This article first appeared in The Ragan Report, March 1999
Communicator turns a Ragan Report story about another company into a successful solution for her firm.
Sometime last January, April Jaconski scanned through a copy of The Ragan Report until she came to this section. Within moments, the problem that had plagued her mind for months vanished.
She finally had the solution to how she should communicate to Trigon Blue Cross Blue Shield coworkers during the organization’s disruptive transition from a one-state, nonprofit healthcare organization to a regional, for-profit company.
‘We were researching possibilities of two-way communication programs, and I read a story in The Ragan Report about American Airlines’ president recording weekly voice mail messages,’ the communications consultant recalls.
Inspired, Jaconski immediately began her search for a vendor that could set up a similar hotline at the Richmond, Va.-based Blue Cross Blue Shield. Unfortunately, the idea of the CEO/employee hotline was foreign to every communications firm she called. But Jaconski soon realized the company didn’t need the help of an outside vendor–Trigon was already halfway there.
The company already had a successful corporate compliance hotline in place, which she felt could easily be expanded into serving two purposes: an outlet for employees to call and anonymously leave suggestions and complaints, and a monthly means of communicating the CEO’s agenda and concerns.
Jaconski called upon Management Communications Systems, which was responsible for the compliance hotline Trigon established. Even though the vendor had never formed a CEO commentary line, it was willing to take on Trigon as a guinea pig and give it a shot.
By the summer of ’98, the new InTouch hotline was up and running. To ease employees into using the new line–and avoid any anxieties they might have about it being just another demanding form of technology–Jaconski simply introduced it as a new feature of Trigon’s employee compliance hotline.
‘The great thing about both programs is employees call one phone number, enter one company code, and then a prerecorded message will ask them if they want to press one for the InTouch employee line, or press two for the compliance hotline,’ she says.
It wasn’t long before Trigon’s 3,800 employees were relying on the hotline to learn details of the company’s conversion directly from the mouth of CEO Tom Snead.
‘We were asking them to look at every-thing in a totally different light,’ Jaconski says. ‘The conversion to a public company left employees with a lot of questions.’
She contends that through the InTouch line’s monthly, three-to-five-minute messages, callers learned about everything that was going on first-hand, boosted their industry knowledge, and gained a better understanding of the roles they played in the company’s objectives.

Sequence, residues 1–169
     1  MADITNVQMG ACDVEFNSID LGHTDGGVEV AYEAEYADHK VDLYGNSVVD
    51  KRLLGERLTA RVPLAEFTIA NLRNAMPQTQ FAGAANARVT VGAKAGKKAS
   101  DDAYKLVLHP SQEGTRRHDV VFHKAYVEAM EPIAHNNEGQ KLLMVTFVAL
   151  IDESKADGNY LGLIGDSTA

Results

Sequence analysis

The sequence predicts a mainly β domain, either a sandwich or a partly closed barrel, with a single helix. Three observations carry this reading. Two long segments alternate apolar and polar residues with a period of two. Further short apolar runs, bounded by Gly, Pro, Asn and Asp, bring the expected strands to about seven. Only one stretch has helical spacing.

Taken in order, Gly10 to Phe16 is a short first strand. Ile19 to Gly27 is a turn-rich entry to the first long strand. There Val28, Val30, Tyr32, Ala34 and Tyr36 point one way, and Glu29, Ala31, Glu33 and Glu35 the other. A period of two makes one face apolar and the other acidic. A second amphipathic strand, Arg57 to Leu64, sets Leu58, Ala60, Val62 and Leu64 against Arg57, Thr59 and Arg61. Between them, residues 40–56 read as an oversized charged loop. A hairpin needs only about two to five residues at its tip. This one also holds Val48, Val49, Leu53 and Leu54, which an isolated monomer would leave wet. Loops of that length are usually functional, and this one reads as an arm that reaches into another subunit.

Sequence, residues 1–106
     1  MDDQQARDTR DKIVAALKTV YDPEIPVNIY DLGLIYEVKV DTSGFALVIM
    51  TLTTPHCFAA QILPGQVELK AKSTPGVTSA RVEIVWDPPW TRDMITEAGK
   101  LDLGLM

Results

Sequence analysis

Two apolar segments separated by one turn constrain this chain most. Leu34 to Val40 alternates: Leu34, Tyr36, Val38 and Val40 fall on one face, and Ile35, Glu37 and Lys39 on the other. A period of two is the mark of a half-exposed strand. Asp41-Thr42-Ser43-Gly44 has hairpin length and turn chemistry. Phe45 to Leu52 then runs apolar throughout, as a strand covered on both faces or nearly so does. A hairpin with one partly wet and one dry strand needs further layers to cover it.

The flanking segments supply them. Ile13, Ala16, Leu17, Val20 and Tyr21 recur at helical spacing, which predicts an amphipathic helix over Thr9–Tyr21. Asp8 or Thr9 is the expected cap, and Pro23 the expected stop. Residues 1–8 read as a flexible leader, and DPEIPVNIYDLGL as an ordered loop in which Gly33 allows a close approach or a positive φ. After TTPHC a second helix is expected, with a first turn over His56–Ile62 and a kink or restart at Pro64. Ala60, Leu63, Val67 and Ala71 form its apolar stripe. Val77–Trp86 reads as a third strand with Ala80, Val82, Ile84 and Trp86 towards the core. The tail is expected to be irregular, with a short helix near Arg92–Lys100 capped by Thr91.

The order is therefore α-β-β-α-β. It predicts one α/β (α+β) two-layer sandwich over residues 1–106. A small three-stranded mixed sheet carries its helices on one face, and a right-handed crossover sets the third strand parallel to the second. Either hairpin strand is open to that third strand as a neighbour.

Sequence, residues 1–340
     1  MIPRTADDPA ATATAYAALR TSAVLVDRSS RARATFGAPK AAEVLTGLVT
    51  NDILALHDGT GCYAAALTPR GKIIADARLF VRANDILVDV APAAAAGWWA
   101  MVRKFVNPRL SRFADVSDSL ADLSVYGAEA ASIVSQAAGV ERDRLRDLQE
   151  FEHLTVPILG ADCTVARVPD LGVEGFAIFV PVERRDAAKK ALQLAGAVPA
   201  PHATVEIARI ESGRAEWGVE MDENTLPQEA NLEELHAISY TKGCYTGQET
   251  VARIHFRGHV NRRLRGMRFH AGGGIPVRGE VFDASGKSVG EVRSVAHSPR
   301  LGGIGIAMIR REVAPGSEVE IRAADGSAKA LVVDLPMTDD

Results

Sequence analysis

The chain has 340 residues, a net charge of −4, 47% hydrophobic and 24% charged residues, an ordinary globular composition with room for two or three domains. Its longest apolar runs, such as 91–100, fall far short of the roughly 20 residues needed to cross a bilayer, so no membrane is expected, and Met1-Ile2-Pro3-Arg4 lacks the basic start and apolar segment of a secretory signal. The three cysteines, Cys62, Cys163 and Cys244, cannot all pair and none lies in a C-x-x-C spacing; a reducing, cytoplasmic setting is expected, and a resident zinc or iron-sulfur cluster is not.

But employees, who have left more than 300 messages in less than a year, aren’t the only ones ecstatic over the hotline. Jaconski also emphasizes Snead’s enthusiasm in continually getting his vision out to employees via the hotline. In fact, it was his desire to do so that got the ball rolling on the project.
Jaconski says that Snead often wrestled with his conscience about not being able to frequently communicate with every employee in person. Thankfully, the hotline provided him with a substitute for doing so.
Jaconski’s voice resonates in sheer delight as she adds, ‘This is something I think is pretty incredible–he reads every single message that comes through on this line!’
The communicator receives transcripts of the calls via e-mail daily from Management Communications, and converts them into her weekly report for the CEO.
‘He reviews the weekly report, gives me back his comments, and then I pass things that need to be reviewed and suggestions onto the appropriate management that can handle the issue,’ she explains.
Furthermore, Jaconski says that before any answers are published in Dateline, Trigon’s employee publication, Snead reviews the various responses managers have prepared to ensure they’re in-line with his thinking. ‘Nothing is printed without his touch in it,’ she says.
Jaconski believes the InTouch line has truly helped increase trust in the company–and in Tom Snead, who as of next month will become Trigon’s president, COO, and CEO.
She says Snead’s interest in employees’ concerns was illustrated recently when an ongoing exercise class at the main facility was to be canceled due to lack of space. ‘Now that’s not something the president would normally know about,’ Jaconski says. ‘But employees were upset about it, it was a good program, and they wanted to keep it. They called into the line and [Snead] left a message that said, ‘Absolutely–It’s great, we’re going to find a way to make it work, and we’re keeping the program.”
Though Trigon’s InTouch line has gone a long way toward killing the rumor mill, Jaconski admits there’s still a lot of work to be done.
I’ll think it’s completely successful when we don’t need the hotline anymore because everyone’s talking face to face,’ she says. (Jaconski: 804-354-3601)
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